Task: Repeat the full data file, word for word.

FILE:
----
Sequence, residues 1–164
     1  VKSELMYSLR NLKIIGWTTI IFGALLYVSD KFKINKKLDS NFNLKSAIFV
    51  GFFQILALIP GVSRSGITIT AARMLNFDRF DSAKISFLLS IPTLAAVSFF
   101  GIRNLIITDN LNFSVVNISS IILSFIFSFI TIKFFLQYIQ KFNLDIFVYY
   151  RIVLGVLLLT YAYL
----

Sequence, residues 1–164
     1  VKSELMYSLR NLKIIGWTTI IFGALLYVSD KFKINKKLDS NFNLKSAIFV
    51  GFFQILALIP GVSRSGITIT AARMLNFDRF DSAKISFLLS IPTLAAVSFF
   101  GIRNLIITDN LNFSVVNISS IILSFIFSFI TIKFFLQYIQ KFNLDIFVYY
   151  RIVLGVLLLT YAYL